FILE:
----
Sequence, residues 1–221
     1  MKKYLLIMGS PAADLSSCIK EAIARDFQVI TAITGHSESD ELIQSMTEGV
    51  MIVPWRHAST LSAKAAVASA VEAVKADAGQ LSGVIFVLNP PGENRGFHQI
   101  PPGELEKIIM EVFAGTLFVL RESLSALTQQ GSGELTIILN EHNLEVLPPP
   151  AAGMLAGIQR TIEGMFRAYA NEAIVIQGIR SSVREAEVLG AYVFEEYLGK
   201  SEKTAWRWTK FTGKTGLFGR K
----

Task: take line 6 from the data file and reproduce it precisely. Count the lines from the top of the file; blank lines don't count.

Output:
   201  SEKTAWRWTK FTGKTGLFGR K